Audi Debuts Navigation Feature that Counts Down to Green Light
Audi has equipped most models in its 2017 lineup with a cloud-enabled countdown timer for red lights, capable of letting drivers know how many minutes or seconds they have left to wait until a stoplight turns green.
So if you’re at a red light and need to set your navigation route or tend to kids in the backseat, you’ll know whether you have enough time to do those things before the light turns green.
Taking advantage of the fact that more cities are implementing smart signaling and advanced traffic management systems that monitor traffic in real time, Audi’s new traffic light information system communicates with traffic signals to let the driver know when the light changes.
The feature will be part of a subscription navigation package called Audi Connect Prime, which costs between $27 and $33 a month.
Technology relies on smart traffic systems
Because the system has to tie in with each municipality’s signal management system, the service works only in Las Vegas for now. Audi plans to continue to roll out the service city by city more municipalities incorporate smart traffic systems.
Experts say Audi’s traffic light information system is an early indicator of some of the big changes under way in terms of how automobiles communicate with highway infrastructure to get from place.
“This is a baby step toward full or semi-autonomous cars,” says Mark Takahashi, an automotive editor at Edmunds.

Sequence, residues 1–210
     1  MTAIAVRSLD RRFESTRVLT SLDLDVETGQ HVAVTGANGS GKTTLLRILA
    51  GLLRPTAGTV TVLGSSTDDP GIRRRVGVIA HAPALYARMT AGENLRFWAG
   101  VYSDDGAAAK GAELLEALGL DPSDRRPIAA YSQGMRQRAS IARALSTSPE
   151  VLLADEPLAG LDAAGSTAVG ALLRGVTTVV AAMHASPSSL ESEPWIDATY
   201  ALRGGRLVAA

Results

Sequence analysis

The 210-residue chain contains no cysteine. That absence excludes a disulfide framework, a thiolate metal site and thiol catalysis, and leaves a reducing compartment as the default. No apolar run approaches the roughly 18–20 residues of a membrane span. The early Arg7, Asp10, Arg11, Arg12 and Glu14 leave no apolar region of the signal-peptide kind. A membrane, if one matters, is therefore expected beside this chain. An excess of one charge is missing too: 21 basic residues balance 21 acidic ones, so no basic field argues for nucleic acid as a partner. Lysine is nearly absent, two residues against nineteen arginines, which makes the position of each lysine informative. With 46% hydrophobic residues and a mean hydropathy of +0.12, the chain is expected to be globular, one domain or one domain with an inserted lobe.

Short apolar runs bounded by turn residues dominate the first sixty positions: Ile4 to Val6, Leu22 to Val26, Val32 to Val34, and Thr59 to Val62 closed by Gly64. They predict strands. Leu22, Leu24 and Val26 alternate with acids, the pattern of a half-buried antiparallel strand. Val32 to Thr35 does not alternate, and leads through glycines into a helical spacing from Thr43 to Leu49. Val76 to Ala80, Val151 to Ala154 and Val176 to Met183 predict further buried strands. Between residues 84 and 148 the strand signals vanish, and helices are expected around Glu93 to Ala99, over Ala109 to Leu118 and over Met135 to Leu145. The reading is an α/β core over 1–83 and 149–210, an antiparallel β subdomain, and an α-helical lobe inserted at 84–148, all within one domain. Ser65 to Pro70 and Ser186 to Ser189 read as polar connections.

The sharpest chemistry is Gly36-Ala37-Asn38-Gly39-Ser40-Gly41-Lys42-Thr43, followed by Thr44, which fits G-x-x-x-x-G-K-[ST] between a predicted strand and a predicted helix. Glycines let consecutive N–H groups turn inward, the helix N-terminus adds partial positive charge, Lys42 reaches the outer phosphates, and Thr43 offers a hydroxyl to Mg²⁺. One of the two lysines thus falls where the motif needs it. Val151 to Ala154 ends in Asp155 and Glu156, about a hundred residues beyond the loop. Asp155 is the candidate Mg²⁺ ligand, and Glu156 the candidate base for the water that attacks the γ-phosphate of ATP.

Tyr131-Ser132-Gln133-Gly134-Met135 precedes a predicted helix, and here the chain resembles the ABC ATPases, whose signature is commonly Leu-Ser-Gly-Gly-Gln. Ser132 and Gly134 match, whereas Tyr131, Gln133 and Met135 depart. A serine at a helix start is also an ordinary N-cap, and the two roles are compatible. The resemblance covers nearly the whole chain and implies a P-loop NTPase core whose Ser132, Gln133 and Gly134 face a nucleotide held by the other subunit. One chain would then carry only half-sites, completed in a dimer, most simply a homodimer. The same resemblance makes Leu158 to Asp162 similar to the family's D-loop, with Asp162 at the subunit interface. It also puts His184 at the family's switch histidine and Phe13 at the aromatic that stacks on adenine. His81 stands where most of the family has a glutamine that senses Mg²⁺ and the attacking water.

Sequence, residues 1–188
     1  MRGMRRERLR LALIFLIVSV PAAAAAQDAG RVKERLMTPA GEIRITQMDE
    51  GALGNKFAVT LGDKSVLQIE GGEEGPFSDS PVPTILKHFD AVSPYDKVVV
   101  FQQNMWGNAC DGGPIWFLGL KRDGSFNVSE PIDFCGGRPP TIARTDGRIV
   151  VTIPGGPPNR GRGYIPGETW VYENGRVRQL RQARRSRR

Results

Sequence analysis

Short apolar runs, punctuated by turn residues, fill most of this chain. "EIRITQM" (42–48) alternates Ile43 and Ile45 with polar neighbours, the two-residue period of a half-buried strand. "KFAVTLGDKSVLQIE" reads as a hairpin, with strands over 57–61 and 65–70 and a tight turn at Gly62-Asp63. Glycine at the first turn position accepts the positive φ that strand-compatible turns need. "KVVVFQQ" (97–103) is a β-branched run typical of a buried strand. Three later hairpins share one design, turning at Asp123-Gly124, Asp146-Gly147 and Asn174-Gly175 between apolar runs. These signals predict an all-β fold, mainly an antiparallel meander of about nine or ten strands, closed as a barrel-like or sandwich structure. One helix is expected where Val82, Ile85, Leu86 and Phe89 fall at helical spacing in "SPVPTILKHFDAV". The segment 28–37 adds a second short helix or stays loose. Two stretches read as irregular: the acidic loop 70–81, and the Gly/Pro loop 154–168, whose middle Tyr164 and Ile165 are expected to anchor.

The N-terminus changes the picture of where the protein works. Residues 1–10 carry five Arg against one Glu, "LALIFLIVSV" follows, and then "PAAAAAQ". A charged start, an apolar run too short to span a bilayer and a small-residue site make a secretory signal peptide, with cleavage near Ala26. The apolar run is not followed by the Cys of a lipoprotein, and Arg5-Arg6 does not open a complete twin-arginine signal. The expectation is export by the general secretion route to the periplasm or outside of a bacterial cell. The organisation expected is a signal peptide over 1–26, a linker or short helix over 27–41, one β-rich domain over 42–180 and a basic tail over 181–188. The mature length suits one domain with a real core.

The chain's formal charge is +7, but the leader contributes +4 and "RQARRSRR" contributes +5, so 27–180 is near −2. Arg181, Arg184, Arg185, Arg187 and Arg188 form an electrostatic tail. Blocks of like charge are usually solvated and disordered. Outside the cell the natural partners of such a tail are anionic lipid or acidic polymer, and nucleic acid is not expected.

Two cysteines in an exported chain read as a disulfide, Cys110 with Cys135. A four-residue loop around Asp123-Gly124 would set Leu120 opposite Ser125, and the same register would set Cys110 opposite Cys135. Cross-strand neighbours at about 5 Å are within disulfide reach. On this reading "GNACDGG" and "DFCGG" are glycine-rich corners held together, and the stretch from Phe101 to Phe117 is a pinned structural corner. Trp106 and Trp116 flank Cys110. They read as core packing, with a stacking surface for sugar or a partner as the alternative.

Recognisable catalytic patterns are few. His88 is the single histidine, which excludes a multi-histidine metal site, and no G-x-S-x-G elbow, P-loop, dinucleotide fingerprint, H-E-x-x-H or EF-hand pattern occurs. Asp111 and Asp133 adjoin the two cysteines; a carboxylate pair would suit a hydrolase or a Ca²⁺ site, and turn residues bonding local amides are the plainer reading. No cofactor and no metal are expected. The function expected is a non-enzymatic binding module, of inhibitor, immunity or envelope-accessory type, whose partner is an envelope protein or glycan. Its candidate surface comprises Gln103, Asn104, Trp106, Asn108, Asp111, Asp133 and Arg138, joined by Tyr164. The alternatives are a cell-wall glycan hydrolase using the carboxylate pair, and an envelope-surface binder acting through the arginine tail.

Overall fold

Takahashi, who in early December attended a demonstration in Las Vegas of Audi’s new red light system, said the feature was even more useful than he expected. For example, if a traffic light is about to turn yellow or red, the sensor will let the driver know whether there’s enough time to make it through the intersection.
And because a lot of cars have start/stop technology that shuts off the engine to save fuel if the car rolls to a stop, the red light feature takes that into account. “If you’re pulling up to a red light, but there isn’t much time before it turns green, start/stop won’t engage,” Takahashi says.
Next step toward self-driving cars
Audi’s red light clock is one of the first mainstream technologies to hit the market in terms of connectivity between vehicles and traffic infrastructure.
“It’s a good illustration of how vehicles and infrastructure can trade information back and forth, and it’s one of the low-hanging fruit,” says Kevin Balke, senior research engineer at the Texas A&M Transportation Institute.
Kara Macek, spokeswoman for the Governors Highway Safety Association, says giving more information to drivers could help them make better decisions. Her only concern would be if some drivers are inclined to speed up if there are just a few seconds left on a yellow light.
“But it’s certainly a harbinger of things to come in terms of having more technology in our cars every day,” Macek says.
Doug Newcomb, president and co-founder of the C3 Group, which provides conferences, consulting and content for the auto industry, says that right now higher-end auto makers such as Audi, BMW and Cadillac, are exploring connected vehicle technologies, and that others could soon follow their lead.
“Typically what happens is you have the technology on a high-end car like an Audi or BMW, and then you see it trickle out to lower-priced vehicles,” Newcomb says.
The technology brings Audi just a little bit closer to developing a self-driving car, a goal that Audi has been committed to, Takahashi says.
“We’re at least a decade away from a fully autonomous car,” he says. “But I think with Audi, the timeline is way shorter. The technology is advancing at a rapid pace.”